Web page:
Though, here’s where my issue with the expanded system resides. Every fibre of my historical knowledge burns with the belief that DEFENDING a castle is monumentally easier than attacking, yet, in Shadow of War that is distinctly not the case. What frustrated me the most was that there is no way, aside from suring my own defenses, for me to make defending my castle any easier. I couldn’t infiltrate the attacking Warchief forces, or weaken them prior to their assault. The sad fact about this is, that when my defending forces were too weak, all I could do was forsake the stronghold and have an easier time retaking it in the future.

While this difficulty curve does present unique storytelling moments like the one I described in my opening paragraph, more often than not it can be frustrating to be put up against seemingly impossible odds. Though, there definitely is something satisfying about preparing your defenses, beginning the mission and charging head first into lines of Uruks that are being set ablaze by your catapults and archers.

Beyond the Nemesis system, an otherwise obvious addition to Shadow of War is loot. I found it surprisingly enjoyable flipping through my gear, upgrading it, and trying to match sets that benefited my particular ‘in your face’ play style. The implementation of loot also opens up difficult choices of whether or not to subjugate an enemy orc, or kill them and take their gear. It’s a minor improvement, but one which spices up the choice that was in Shadow of Mordor which was always: ‘eh I’ll just make him mine’.



Unfortunately, it’s upsetting to see that more success wasn’t discovered in the story department, given efforts to expand the Nemesis system. I won’t beat around the bush, Shadow of War does not present an engaging story, mostly because it suffers from horrible pacing issues. Talion’s turmoil with conjoined wraith, Celebrimbor, is as rote as any ‘ends justify the means’ conflict, and most of the other characters are simply dull, or suffer because they’re constrained by the franchise’s legacy.

Luckily, it isn’t all bad. Ratbag reprises his role as the lovable coward from the first game, and the new addition, a charming dumb oaf of an Uruk, Bruz, is always a hoot to see pop up in the story. Similarly, hunting down each Ring Wraith and uncovering what led them into the control of Sauron was an aspect of the journey I actively enjoyed taking part in, and Talion’s fate ties in well with the overall Lord of the Rings narrative.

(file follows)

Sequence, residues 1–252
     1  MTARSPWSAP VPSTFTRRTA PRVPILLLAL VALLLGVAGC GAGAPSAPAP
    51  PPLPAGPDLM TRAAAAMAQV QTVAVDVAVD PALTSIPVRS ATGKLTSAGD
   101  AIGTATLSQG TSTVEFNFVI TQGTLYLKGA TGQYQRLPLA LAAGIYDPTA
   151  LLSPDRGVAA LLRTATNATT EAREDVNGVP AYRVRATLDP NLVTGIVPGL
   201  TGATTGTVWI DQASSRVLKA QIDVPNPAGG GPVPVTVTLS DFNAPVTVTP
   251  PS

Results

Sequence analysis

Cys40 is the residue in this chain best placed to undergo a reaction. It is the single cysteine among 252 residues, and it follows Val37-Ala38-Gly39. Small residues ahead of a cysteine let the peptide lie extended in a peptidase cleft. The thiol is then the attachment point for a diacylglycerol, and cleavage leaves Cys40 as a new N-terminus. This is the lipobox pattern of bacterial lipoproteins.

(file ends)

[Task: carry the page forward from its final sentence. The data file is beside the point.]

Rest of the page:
Now, the developers may argue that the real story is the one you make for yourself through the Nemesis system. While I don’t disagree with this statement, an over reliance on this form of storytelling seems lazy, and to be honest, halfway through the game I desperately wanted the option to skip character dialogue.



To address the elephant in the room, there is barely any remaining grind from the first iteration of the game, and now there are NO loot boxes. Unless you hate the new Nemesis system, the Epilogue is just the right length to let you fully explore the game’s systems some more, but not be forced to engage in a horrific grind to see the true ending.

Middle Earth: Shadow of War is a mixture of disappointment, and satisfaction. On one hand, 90% of my experience with the game was thoroughly enjoyable; the combat is as good as ever, and the Nemesis system is still a blast to mess around with. On the other hand, I can’t help but think how interesting the story, mission and characters could have been, if it weren’t for the boundaries imposed by the Lord of the Rings franchise. That being said, if you’re yet to give it a go, and are looking for something to sink hours into before the coming onslaught of video games, Shadow of War is a good bet.

Twitter @Touchidavos

David is an editor here at POINTNCLICK. He loves video games, particularly strong narratives, and cooperative experiences. There aren't many games he doesn't touch, except for MOBA's. Never MOBAS.